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Adding A Wood Stove To Your Homestead

Wood burning stove in homesteadWell, with October half over and Halloween approaching, the night are certainly getting much cooler here in Colorado.

Winter is just around the corner, and if you’re in the market for a wood or pellet stove, this is a good time to buy one and have it installed in your home.

In the previous blog post we talked about cast iron radiators, but many homesteads in the country aren’t set up for hot water heat, and a good quality wood stove is the best option.

Some folks who do have central heating still buy a wood stove to supplement the heating in their homes, especially in the rooms where the family spends the most time, like in the livingroom or kitchen.

And in fact if the temperature is above freezing outside, often a wood or pellet stove is all you need to keep the entire house warm enough to live in, and much cheaper to operate than a central heating system.

Things to consider when purchasing a wood stove.

There are a wide variety of choices available in stoves, and not just wood or pellet burning models either. There are a number corn burning stoves on the market today, and oil burning models as well. Each has it’s pros and cons, depending on the type of fuel that works best for you, the efficiency of the stove, emissions, how it is constructed, heat output, safety, and of course your budget.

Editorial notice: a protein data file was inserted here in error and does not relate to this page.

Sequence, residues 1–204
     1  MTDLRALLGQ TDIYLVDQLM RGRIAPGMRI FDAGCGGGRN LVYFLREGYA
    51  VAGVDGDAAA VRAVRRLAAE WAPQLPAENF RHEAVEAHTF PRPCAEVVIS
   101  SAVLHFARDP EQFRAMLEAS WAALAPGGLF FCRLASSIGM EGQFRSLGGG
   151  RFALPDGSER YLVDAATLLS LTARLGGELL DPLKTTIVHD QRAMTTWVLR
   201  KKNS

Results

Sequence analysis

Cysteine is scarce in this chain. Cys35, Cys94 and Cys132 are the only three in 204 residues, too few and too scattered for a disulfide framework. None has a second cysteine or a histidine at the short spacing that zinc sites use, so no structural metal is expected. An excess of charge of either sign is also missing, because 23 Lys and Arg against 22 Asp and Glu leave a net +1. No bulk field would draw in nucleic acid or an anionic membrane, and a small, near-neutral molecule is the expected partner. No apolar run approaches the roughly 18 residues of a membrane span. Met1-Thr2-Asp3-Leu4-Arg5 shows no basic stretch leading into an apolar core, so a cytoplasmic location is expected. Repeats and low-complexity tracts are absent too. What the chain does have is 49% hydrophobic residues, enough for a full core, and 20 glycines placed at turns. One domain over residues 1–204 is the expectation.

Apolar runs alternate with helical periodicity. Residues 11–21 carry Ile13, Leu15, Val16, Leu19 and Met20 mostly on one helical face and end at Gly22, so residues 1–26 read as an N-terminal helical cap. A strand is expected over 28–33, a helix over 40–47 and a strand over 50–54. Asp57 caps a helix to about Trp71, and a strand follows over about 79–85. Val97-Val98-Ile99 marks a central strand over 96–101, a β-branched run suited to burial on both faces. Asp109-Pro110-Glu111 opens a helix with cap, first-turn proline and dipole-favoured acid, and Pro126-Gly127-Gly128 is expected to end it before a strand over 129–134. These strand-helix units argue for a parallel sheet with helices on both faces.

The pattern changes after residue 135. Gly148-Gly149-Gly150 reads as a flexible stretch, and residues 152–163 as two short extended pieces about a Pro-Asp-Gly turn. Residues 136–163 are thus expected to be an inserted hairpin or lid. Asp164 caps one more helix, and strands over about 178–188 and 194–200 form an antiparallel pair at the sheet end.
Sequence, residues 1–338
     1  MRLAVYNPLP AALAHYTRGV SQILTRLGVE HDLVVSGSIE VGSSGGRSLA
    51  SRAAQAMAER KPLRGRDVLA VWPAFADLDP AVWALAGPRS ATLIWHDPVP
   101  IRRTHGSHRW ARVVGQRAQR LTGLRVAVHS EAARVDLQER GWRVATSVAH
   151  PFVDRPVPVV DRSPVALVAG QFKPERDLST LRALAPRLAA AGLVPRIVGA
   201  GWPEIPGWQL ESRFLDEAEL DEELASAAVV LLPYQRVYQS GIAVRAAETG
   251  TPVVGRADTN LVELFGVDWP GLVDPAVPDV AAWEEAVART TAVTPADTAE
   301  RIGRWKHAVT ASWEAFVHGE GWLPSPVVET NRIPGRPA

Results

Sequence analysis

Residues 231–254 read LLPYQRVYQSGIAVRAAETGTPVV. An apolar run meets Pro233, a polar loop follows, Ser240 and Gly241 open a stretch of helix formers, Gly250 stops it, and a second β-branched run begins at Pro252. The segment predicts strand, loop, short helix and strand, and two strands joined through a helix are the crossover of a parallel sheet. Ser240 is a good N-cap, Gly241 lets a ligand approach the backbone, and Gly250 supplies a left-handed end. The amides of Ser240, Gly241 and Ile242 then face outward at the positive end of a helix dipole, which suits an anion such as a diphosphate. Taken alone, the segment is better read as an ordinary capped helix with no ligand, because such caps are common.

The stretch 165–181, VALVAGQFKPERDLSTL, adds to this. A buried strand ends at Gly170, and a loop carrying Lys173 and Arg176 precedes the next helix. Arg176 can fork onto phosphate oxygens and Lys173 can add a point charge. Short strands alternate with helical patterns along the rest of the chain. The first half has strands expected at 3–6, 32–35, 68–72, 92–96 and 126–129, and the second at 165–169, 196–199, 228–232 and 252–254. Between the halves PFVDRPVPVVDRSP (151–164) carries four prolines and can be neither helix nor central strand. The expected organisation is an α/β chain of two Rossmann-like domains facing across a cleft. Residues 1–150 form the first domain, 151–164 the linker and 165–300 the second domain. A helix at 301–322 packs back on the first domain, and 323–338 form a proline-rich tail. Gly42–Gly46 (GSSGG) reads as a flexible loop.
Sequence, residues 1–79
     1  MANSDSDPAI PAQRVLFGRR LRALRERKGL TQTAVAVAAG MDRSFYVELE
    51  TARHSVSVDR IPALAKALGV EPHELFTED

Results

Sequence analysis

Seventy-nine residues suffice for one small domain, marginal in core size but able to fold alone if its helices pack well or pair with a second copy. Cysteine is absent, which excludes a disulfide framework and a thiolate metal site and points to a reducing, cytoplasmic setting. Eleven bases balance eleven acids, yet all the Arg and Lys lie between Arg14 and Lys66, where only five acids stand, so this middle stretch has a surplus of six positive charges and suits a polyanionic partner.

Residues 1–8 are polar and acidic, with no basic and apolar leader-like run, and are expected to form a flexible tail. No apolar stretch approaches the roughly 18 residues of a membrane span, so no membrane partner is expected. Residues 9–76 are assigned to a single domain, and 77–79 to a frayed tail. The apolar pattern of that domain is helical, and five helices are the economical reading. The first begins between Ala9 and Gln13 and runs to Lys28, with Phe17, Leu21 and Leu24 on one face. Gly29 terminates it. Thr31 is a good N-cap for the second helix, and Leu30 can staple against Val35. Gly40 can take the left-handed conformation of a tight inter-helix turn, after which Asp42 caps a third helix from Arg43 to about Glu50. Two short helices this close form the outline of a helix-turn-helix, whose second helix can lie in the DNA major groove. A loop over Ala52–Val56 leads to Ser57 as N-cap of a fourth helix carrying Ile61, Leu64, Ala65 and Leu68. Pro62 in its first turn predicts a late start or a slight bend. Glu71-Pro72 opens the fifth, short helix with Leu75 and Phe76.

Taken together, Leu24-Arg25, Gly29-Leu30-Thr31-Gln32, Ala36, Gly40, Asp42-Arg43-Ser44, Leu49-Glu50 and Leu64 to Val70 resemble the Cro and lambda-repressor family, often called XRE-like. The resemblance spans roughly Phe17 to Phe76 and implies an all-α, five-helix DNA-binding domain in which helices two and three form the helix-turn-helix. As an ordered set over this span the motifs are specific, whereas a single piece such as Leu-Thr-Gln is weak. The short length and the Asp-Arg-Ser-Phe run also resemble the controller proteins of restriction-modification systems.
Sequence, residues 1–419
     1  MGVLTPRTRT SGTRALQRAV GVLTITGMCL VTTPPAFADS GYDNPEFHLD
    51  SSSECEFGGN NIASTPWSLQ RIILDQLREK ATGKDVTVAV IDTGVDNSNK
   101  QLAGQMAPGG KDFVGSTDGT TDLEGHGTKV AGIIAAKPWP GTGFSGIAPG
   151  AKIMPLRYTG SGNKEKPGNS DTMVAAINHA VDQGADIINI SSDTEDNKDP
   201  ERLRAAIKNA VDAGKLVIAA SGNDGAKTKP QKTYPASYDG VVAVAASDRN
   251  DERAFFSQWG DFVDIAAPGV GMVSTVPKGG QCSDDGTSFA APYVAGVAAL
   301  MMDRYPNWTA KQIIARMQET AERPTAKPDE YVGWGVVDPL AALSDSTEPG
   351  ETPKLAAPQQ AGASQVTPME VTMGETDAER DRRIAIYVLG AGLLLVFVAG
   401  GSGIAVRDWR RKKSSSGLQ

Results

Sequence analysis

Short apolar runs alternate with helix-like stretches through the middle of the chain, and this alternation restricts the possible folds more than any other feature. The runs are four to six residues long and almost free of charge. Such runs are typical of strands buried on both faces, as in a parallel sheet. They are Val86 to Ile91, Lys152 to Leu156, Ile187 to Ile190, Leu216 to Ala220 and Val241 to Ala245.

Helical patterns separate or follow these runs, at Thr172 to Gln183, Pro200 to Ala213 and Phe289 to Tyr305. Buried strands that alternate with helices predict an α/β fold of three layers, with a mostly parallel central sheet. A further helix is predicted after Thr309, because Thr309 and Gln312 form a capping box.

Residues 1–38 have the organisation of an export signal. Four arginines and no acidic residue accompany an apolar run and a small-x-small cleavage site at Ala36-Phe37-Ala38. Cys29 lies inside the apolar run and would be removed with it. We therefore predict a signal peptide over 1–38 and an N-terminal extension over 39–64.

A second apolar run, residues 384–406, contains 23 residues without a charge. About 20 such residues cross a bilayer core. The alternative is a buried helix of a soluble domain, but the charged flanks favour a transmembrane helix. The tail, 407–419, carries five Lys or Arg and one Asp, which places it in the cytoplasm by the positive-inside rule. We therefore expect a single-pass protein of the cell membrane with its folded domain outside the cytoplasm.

One consideration is whether to buy a cast iron or welded steel stove. The cast iron models are more attractive than welded models, but they cost more, and after a few years they need to be rebuild to seal the joints between the steel panels to keep them from leaking.

Stove efficiency is another important consideration. The newer, certified stoves tend to be more energy efficient than the older models, as combustion technology has improved. Just as newer cars are more efficient at using gasoline, newer wood burning stoves are about one-third more efficient than the older pot belly or box style stoves. This might not sound like much, but consider the fact that you’ll only have to cut and haul two-thirds the amount of wood, and you’ll spend one-third the money if you buy your firewood. Plus efficiency also translates into less emissions, which makes these newer stove better for the environment as well.